You’d think that having done this before I would find it easier, much like watching my children graduate Kindergarten. The first time was beautiful and sentimental. The fifth time we arrived late and didn’t stick around for the cake at the after-party. But instead, leaving her at the airport was heart wrenching. Watching her go off, just like her sister did a year before, was emotional and difficult.
You would think that running would be a natural sort of progression from, you know, walking. It turns out that running is in a completely different world. And having gotten it into my head that I am running a half-marathon in January, that little tidbit took me by surprise.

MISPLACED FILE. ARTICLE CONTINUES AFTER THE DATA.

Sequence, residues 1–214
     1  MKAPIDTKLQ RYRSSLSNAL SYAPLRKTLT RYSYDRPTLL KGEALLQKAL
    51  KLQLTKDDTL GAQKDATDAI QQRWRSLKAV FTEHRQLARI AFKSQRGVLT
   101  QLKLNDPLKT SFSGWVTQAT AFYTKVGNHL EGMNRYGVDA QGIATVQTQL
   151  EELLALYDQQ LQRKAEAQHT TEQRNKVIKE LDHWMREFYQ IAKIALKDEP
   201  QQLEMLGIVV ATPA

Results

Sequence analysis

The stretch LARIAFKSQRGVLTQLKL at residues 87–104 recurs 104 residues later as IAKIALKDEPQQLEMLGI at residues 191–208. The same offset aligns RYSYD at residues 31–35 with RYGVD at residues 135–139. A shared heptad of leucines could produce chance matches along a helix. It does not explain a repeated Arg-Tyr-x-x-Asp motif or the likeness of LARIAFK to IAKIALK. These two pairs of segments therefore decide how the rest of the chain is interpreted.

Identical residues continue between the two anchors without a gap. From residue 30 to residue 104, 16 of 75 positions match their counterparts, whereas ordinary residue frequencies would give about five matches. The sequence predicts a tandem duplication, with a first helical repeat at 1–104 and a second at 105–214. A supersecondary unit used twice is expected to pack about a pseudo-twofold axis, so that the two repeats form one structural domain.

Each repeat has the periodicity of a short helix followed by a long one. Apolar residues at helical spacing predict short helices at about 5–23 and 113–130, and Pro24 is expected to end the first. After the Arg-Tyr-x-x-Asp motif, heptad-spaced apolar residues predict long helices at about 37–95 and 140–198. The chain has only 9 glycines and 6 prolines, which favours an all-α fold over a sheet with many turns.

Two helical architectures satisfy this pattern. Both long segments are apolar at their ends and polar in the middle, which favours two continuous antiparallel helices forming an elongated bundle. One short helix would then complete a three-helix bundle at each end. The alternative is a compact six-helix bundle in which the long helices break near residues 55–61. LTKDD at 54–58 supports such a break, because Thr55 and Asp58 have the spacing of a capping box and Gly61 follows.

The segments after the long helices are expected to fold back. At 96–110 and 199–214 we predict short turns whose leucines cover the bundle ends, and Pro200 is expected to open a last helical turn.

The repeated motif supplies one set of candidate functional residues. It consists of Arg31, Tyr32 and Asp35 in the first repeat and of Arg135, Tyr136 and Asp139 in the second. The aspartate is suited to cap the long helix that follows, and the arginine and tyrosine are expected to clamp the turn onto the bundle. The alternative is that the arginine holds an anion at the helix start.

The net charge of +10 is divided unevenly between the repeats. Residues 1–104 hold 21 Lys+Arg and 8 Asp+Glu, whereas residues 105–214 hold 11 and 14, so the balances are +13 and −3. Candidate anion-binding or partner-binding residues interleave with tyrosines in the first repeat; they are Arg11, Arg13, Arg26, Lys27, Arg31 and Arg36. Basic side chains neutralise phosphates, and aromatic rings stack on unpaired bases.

That was the moment, the moment when the roller coaster in his world started going up again, the moment that my 10 year old understood the personal power he had inside. He wasn’t passive, he was strong. He was confident. He could ride any coaster, figurative or literal, and come out triumphant.
I know I am not unique in this. I remember seeing adults crying at weddings and telling myself that I will never be like that, and now, here I am falling apart over smiling pictures of my kids at camp and hiding in my closet so none of my other kids will see.
The ER is filled with “neglectful” parents whose children have fallen in the playground and need stitches, or have swallowed too much bubble gum flavored Motrin that their kids suddenly discovered they could open.
Even though I had seen that set up so many times, I wasn’t prepared for the emotional punch of seeing my own kid in that place. Walking on train tracks that led millions to their deaths. Walking through rooms that might have been the last places of my family.